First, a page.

Friday, October 29, 2010

Fireman's Chili

Ok so this is my second post today, which is more than I usually post in a week. I'm finally getting caught up!

Halloween is officially two days away now, and guess who still has no costume and no plans... I promise I'm not a Halloween Scrooge. I actually love Halloween, but I don't normally have the time or effort to put into executing the holiday successfully. So far I have bought candy for trick or treaters (which I may or may not have succumbed to opening last night), and Mr. G and I bought pumpkins from a local pumpkin patch that we carved last night. It was my first time actually carving a pumpkin (my dad always did it in the past), and to be honest, it was a bit of a struggle. Thankfully, Mr. G is much more skilled than I at the art of pumpkin carving, so he helped me out a bit (ok, a lot). Here are our masterpieces:

Mr. and Mrs. G in pumpkin form

In honor of the cool autumn weather, I decided that it was also the perfect time to make chili. I have never made chili before, so I thought it would be fun to try. I wanted to find a recipe that looked yummy without being too complicated, so I ended up selecting the Fireman's Chili recipe from my Notably Nashville cookbook that I received as a wedding present. All of the recipes in the book are submissions from local Nashvillians, so it would also serve as a nice reminder of home. :)

Here is the recipe:

  • 2 medium onions, chopped
  • 3 tablespoons olive oil
  • 3 garlic cloves, minced (I just bought minced garlic to use)
  • 1 1/2 pounds lean ground beef (I substituted ground turkey since Mr. G loves it and I forgot we bought beef... oops)
  • 2 (16-ounce) cans crushed tomatoes
  • 1 (15-ounce) can beef broth
  • 3 tablespoons chili powder
  • 1 1/2 teaspoons ground cumin
  • 1/2 teaspoon oregano
  • 1 teaspoon salt
  • 1 (15-ounce) can kidney beans, drained (I skipped these because Mr. G hates beans)
  • Garnish: shredded cheddar cheese, chopped onions (skipped), and fresh cilantro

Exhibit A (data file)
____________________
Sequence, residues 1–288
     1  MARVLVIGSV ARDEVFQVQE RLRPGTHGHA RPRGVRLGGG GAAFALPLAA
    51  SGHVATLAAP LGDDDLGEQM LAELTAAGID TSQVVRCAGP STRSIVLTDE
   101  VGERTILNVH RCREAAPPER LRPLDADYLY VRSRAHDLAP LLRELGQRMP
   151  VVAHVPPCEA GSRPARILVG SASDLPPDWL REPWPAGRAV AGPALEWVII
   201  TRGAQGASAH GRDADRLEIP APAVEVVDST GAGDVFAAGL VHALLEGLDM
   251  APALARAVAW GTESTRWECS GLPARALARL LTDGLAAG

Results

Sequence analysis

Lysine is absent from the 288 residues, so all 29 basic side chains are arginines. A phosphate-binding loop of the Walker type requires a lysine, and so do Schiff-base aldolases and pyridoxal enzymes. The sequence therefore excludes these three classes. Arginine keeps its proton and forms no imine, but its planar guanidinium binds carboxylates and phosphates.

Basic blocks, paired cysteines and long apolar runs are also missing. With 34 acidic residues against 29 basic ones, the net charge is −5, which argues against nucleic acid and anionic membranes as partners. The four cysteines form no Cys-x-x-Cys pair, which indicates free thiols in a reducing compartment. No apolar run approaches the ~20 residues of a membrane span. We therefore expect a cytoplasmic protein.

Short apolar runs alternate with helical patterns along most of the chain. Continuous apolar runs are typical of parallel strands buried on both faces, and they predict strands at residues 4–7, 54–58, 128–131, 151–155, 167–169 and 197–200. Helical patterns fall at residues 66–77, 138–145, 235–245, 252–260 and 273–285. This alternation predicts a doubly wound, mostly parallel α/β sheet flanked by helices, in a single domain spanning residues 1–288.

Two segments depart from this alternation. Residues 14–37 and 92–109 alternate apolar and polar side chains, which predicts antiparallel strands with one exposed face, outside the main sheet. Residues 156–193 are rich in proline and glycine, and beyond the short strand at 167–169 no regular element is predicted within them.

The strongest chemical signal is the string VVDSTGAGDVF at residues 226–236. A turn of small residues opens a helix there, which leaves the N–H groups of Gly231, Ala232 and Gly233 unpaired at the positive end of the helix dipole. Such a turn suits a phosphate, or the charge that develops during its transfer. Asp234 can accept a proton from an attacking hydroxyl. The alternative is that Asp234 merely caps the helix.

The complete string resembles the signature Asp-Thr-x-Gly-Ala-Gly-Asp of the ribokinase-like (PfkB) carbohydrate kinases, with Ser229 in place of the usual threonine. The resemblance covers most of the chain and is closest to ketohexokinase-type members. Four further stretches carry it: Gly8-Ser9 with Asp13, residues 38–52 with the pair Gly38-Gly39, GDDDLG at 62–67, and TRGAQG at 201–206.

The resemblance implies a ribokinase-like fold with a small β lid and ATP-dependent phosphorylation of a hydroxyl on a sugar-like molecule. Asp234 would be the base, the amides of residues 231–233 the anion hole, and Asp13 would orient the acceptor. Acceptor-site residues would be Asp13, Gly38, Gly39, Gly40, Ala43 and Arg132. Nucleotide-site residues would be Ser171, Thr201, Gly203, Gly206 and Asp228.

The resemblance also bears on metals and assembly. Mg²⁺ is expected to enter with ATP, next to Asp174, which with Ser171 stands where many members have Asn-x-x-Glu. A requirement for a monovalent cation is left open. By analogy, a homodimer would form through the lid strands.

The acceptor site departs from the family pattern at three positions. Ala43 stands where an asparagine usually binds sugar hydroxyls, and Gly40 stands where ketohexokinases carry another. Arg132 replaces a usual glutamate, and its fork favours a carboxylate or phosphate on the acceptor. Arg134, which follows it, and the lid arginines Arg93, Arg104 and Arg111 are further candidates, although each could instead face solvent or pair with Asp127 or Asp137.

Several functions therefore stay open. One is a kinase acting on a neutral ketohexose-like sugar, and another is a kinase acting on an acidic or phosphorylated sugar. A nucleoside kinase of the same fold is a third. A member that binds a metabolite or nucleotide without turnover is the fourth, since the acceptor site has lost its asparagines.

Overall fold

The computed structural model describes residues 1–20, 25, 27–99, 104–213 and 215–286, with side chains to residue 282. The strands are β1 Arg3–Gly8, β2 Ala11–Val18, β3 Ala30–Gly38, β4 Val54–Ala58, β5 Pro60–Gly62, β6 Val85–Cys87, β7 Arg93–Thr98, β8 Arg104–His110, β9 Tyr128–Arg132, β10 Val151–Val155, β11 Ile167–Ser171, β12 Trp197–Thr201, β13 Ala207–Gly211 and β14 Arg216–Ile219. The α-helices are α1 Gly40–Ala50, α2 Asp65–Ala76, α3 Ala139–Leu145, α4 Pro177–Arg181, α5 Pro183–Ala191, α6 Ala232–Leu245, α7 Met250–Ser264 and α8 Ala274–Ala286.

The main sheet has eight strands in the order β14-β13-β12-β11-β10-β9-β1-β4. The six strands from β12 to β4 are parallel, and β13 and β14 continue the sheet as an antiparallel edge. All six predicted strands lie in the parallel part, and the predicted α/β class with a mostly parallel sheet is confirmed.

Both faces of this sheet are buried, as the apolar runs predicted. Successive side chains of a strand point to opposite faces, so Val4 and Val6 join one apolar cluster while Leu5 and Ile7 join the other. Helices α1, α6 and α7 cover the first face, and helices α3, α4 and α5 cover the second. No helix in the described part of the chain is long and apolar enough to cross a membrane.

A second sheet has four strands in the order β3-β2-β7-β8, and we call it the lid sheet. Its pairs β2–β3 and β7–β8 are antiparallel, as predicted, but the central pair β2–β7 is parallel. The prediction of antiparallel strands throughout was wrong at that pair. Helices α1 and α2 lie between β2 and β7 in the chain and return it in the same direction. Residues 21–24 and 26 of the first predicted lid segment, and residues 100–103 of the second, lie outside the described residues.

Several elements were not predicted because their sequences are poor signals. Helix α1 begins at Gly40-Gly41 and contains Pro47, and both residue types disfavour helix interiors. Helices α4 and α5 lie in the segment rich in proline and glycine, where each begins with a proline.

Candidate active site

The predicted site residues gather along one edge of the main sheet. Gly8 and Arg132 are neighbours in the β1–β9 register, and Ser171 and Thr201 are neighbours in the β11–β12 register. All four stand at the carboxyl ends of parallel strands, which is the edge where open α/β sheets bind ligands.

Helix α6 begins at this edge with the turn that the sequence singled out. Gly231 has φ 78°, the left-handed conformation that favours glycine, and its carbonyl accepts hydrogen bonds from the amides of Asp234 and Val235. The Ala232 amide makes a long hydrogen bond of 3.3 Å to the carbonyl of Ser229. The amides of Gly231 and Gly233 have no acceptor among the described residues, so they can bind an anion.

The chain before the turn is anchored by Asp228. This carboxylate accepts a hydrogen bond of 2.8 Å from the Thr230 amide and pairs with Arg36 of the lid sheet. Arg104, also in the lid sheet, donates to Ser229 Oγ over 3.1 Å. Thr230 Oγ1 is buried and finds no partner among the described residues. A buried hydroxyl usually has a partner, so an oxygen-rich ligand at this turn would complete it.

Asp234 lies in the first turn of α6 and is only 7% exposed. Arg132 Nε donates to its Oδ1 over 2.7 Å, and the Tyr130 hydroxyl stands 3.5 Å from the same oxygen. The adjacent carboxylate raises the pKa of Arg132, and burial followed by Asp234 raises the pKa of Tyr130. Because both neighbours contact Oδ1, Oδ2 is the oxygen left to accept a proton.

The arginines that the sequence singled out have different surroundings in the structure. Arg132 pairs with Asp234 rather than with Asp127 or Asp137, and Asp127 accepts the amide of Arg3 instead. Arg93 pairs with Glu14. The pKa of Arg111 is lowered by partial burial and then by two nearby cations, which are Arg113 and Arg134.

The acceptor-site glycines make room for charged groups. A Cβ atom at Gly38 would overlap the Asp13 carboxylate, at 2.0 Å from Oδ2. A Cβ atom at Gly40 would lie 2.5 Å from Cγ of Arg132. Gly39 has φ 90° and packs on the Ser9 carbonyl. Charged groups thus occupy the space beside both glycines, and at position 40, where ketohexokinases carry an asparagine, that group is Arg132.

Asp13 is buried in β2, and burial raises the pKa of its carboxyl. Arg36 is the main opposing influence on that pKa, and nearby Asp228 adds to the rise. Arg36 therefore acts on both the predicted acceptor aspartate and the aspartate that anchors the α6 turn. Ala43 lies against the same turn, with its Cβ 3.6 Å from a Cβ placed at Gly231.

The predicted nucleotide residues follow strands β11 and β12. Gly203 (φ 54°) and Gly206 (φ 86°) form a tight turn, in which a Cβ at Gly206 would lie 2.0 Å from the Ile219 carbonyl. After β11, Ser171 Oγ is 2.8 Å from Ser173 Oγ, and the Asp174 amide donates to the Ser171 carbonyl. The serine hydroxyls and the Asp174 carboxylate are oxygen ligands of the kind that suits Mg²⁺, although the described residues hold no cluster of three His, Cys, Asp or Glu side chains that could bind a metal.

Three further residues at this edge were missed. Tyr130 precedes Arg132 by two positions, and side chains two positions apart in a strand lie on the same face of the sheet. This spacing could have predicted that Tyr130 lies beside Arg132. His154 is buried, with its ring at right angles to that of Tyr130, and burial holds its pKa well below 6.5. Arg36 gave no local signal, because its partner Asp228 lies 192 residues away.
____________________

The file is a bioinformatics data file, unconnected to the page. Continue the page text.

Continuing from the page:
• Saute the onions in the heated olive oil in a large saucepan for 8 minutes or until tender.
  • Add the garlic and saute for 2 minutes.
  • Add the ground beef (or turkey!) and cook for 4 minutes or until brown, stirring until crumbly.
  • Remove with a slotted spoon and drain the beef mixture and the saucepan.
  • Return the ground beef mixture to the saucepan and stir in the tomatoes, beef broth, chili powder, cumin, oregano and salt. Bring to a boil and reduce the heat (this is when I transferred everything to the crock pot, but you don't have to use a crock pot).
  • Simmer for 2 hours or until the chili is thickened and the flavors blend (I was too antsy to let it sit that long, so we ate it after an hour and it was still good!)
  • Stir in the beans (if desired) and adjust the seasonings. Cook until heated through. 
  • Ladle into soup bowl and garnish.
  • Enjoy!
As you may imagine, this was my most challenging cooking attempt to date. I had never used a crock pot before, nor had I ever cooked with so many ingredients. I burned myself three times, and once it even caused me to fling chili all over the kitchen. Beyond that, everything went fairly smoothly... It was a long process, but it was definitely worth the wait (and the burns). The chili was absolutely delicious! I was very proud, and Mr. G was very impressed. I will definitely make this dish again, though hopefully with fewer injuries... 

Here are some photos:

Sautéing the onions

Cooking the ground turkey, onions, and garlic


Finished product! Yum!

If you have any good, cheap Halloween costume ideas, please comment and let me know! This is getting to be an emergency...

Also, I'm looking for suggestions on how to improve the flavor of baked chicken. Mr. G and I cook chicken a lot, but it's always a little blah... even with breadcrumbs and spices. Hit me up if you have any tips!


Happy cooking and Happy Halloween!

- Mrs. G


  1. My mom always stuck the chicken to soak in a sauce for several hours before she cooked it. Worcestershire, I think. Some salad dressings might work too--basic idea is to just infuse chicken with flavor before you cook it. Only takes a few minutes to set up, then you can let it soak all day in the fridge while you are at work.


  2. Good idea! We've done marinades before, but I like the idea of Worcestershire... That sounds good.

  3. I like to marinate chicken breasts (cut into 1" strips) in an Italian dressing and an Italian spice blend (you can buy Italian seasoning already mixed in the spice section) with sliced bell peppers for several hours in the fridge then heat a skillet and cook the strips and peppers in it. It only takes about 5 minutes to cut the chicken and peppers to marinate and only about 15 min to cook. It is great with a parmesean risotto (find it in a box near the rice at the grocery store) as a side.

    You can also put aluminum foil over the chicken you all are typically baking to help keep it from drying out so much in the oven.

    I'm really enjoying reading about your adventures up north!